The Buick Park Avenue was a full size luxury type vehicle produced by General Motors starting in 1975. However the Park Avenue was not originally a separate model. The Park Avenue was actually a trim level offered as part of the Buick Electra package. The Park Avenue name would not see its own model until the Electra was retired. 1991 was the first year that Buick offered this model separate from the Electra model.
The first Park Avenue’s utilized the C platform until 1997 and had a 3.8L 3800 series IV6 engine. The transmission on these early Park Avenues was the four speed 4T60-E automatic. It had a 110.8 inch wheelbase and the overall length of the car was 205.2 inches. The width was 74.9 inches and it had a height of 55.3 inches. By 1992, General Motors began using a supercharged engine that had exceptional acceleration given it’s large size.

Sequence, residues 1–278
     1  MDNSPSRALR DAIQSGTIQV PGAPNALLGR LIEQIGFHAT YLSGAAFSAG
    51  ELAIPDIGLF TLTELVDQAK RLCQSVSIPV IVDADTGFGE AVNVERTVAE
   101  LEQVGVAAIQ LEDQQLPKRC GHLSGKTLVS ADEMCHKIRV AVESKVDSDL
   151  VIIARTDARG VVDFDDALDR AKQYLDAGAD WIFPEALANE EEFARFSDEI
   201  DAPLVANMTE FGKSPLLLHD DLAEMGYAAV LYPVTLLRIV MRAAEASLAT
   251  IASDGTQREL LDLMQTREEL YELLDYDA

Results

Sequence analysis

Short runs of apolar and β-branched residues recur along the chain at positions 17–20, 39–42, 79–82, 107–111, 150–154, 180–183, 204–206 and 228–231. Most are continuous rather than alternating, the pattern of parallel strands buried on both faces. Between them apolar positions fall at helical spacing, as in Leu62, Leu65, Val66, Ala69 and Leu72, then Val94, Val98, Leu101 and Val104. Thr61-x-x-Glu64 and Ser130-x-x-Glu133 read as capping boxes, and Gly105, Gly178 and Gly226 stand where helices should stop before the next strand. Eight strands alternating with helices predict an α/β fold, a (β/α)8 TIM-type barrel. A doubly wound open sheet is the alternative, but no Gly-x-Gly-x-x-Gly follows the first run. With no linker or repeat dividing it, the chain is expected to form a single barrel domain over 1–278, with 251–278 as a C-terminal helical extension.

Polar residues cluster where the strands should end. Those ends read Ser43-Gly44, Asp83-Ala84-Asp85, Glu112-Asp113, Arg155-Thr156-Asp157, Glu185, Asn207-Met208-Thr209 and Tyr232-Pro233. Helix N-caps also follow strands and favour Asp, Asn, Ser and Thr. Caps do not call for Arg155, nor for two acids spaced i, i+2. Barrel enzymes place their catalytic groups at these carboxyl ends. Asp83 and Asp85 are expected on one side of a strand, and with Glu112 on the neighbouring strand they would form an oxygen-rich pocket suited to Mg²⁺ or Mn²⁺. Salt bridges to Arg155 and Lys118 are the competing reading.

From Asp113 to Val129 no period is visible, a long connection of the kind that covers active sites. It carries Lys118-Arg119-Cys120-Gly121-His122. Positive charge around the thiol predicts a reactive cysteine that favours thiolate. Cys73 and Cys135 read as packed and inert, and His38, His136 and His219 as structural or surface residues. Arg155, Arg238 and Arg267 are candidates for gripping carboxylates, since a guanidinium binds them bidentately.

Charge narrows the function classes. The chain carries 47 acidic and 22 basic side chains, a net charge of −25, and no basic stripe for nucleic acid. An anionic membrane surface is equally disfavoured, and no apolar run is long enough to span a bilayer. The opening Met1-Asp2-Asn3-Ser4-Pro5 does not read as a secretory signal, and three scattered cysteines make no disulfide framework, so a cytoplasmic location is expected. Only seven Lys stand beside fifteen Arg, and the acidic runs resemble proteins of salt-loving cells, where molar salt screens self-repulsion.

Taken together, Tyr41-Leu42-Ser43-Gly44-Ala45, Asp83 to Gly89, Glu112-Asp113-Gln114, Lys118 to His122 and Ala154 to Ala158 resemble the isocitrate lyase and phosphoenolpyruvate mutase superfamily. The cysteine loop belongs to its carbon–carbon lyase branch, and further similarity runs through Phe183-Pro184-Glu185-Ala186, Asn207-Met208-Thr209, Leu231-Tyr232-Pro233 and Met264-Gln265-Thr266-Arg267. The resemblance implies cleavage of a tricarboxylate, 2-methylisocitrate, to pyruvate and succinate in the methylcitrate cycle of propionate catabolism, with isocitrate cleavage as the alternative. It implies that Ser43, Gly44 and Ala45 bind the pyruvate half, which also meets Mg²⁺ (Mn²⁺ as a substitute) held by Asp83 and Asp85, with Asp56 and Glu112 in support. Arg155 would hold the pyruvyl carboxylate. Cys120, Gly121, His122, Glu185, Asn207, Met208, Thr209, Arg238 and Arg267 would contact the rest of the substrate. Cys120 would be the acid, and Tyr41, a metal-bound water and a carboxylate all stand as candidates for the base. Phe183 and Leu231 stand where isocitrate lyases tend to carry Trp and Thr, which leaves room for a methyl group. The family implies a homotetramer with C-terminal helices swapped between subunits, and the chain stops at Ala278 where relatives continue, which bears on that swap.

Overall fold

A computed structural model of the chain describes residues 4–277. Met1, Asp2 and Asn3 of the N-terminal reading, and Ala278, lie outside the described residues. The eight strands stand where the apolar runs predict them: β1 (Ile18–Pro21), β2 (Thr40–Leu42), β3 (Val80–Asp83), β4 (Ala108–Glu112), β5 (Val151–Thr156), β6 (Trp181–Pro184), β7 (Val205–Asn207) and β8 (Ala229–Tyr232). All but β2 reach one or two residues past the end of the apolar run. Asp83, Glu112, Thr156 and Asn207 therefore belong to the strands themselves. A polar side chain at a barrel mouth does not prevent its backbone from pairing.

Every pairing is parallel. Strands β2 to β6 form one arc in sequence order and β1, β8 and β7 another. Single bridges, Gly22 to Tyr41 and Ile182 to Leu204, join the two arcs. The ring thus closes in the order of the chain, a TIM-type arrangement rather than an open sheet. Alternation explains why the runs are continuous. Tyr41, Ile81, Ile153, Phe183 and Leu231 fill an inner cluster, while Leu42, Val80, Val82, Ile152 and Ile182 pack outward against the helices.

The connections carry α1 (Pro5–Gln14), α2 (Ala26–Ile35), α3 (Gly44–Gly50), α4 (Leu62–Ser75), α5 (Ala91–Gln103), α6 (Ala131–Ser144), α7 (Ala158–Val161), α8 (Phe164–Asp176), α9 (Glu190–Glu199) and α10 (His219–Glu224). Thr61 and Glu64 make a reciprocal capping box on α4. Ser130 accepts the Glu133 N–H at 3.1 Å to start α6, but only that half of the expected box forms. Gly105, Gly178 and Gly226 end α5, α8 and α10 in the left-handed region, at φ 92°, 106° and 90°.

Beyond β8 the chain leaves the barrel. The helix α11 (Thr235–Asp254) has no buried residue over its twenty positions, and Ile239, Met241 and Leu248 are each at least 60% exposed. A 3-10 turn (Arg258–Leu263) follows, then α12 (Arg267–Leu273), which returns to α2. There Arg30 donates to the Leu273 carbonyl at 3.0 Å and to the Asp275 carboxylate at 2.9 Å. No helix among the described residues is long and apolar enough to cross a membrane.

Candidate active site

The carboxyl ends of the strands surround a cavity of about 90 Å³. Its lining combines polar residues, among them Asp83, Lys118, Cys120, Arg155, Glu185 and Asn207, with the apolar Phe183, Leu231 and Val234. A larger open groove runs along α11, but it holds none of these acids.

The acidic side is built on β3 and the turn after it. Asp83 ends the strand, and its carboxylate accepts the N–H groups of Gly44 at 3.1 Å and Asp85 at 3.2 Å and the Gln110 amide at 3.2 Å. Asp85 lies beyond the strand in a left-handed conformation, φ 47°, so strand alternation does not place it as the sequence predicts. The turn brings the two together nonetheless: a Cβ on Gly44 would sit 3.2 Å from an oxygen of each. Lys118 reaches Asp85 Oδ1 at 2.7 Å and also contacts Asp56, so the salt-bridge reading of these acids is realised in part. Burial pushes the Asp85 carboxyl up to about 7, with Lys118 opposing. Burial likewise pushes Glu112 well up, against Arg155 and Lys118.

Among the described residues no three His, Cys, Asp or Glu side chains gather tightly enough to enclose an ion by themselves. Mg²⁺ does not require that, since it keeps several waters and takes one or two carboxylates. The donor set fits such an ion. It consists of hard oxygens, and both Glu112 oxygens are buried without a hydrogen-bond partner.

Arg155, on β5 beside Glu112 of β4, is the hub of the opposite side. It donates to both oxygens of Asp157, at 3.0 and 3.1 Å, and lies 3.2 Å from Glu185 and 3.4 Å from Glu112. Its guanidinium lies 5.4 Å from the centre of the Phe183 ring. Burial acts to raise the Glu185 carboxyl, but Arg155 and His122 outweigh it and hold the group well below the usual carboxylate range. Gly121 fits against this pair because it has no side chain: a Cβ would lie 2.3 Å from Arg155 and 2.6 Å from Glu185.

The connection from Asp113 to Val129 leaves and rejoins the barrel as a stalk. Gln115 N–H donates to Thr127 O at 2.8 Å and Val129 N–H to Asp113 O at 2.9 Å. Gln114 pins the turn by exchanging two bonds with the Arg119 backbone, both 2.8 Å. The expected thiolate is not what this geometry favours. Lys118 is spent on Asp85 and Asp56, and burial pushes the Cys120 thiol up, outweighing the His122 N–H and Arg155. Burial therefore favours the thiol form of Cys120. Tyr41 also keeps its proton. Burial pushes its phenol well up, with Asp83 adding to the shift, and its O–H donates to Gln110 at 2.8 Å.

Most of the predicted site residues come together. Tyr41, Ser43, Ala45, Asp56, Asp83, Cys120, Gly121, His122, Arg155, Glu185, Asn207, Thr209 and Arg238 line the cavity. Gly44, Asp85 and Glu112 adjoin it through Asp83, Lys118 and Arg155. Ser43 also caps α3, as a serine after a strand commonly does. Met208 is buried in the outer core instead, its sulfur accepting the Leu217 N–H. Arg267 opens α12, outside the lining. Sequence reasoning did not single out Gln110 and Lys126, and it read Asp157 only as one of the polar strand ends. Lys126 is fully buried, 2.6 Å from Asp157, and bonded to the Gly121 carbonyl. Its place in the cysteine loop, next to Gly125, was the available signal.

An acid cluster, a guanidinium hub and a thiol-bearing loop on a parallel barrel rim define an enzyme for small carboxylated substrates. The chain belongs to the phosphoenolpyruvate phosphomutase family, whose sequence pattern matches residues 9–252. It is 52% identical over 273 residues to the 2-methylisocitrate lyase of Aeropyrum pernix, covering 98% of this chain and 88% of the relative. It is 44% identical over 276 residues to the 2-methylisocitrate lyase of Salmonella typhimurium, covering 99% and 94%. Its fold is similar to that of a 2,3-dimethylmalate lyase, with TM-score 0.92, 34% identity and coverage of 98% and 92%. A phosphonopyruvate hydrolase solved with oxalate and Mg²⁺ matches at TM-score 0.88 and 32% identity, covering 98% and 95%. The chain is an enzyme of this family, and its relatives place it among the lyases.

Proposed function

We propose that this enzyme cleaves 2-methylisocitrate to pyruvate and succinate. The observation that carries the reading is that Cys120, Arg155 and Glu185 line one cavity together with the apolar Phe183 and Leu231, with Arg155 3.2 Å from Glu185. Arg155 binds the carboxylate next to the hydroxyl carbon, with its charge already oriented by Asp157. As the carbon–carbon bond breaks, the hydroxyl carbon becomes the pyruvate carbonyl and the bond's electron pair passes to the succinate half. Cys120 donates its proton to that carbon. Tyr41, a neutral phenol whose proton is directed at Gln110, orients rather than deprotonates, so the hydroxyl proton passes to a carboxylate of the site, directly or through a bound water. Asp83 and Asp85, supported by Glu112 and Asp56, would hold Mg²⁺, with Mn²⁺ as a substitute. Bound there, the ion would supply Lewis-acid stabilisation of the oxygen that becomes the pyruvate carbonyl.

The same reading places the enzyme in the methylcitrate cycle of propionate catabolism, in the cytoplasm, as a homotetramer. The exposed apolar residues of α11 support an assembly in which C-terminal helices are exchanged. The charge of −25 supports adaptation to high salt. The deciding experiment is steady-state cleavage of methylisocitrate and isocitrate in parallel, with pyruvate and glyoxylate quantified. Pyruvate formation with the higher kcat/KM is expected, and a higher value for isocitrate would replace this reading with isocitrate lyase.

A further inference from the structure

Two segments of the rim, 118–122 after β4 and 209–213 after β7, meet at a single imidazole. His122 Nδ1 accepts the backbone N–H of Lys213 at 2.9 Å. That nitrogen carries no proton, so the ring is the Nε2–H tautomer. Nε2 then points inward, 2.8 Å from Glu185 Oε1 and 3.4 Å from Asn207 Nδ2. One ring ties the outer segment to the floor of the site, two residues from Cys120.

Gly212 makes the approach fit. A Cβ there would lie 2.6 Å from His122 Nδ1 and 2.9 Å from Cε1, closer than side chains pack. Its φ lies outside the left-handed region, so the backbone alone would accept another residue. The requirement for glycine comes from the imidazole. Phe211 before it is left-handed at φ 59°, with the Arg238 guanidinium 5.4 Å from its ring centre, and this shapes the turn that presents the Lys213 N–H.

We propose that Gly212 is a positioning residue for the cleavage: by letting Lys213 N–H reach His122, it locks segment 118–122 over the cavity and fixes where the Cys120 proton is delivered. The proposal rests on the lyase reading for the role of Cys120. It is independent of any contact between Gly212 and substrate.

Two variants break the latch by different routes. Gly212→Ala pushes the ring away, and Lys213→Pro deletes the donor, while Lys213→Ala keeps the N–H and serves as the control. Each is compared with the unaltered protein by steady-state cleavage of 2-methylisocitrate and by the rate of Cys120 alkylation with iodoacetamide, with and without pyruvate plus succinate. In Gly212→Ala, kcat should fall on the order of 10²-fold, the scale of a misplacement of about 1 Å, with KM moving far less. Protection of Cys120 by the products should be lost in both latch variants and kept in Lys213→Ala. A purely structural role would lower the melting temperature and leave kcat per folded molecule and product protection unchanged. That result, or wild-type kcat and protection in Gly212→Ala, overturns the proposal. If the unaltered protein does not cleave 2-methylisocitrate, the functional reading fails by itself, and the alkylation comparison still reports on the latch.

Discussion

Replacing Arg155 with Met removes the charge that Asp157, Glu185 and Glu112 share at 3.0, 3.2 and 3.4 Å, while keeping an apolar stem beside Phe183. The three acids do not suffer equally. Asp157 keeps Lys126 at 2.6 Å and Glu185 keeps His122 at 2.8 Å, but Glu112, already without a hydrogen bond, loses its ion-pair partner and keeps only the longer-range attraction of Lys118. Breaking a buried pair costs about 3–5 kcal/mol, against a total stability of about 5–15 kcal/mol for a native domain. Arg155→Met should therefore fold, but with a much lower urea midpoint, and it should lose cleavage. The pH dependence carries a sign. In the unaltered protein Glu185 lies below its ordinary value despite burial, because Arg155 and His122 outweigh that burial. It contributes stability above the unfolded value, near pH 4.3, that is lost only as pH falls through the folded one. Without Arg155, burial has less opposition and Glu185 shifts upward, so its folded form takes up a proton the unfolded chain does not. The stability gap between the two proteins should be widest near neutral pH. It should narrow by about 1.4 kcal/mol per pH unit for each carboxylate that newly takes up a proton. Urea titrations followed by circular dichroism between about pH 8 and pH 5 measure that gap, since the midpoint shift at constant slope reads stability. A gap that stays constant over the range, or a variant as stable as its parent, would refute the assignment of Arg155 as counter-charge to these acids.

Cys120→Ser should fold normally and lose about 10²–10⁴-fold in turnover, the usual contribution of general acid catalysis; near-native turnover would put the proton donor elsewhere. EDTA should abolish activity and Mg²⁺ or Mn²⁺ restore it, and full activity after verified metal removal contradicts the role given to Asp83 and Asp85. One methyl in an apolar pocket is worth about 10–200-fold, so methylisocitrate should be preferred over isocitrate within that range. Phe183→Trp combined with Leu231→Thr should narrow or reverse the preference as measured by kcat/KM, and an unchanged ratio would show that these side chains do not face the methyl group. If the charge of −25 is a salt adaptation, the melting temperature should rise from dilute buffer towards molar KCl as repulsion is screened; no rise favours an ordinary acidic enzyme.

In keeping with it’s luxury billing, the Park Avenue had sleek silhouette reminiscent of a Jaguar. The hood had a large grille and the car had rounded lines and the taillights ran the full width of the car. These features were so popular with Park Avenue customers that General Motors eventually incorporated them into most of the automobiles in the Buick division. Although the largest car in the Buick lineup was the Roadmaster, the Park Avenue held the top spot for being Buick’s most luxurious car.
Unfortunately, as most of these things go, designers began to tinker with the body style of the Park Avenue and the next generation of this vehicle was not nearly as popular as the older model had been. The sleek style lines that had been so popular were replaced with boxier angles and many felt that the car had lost the elegant look of the earlier versions.
Although not as popular as the earlier models had been, Buick left the body style largely untouched from 1997 until 2003 when minor cosmetic changes were made. The Park Avenue’s final production year was 2007.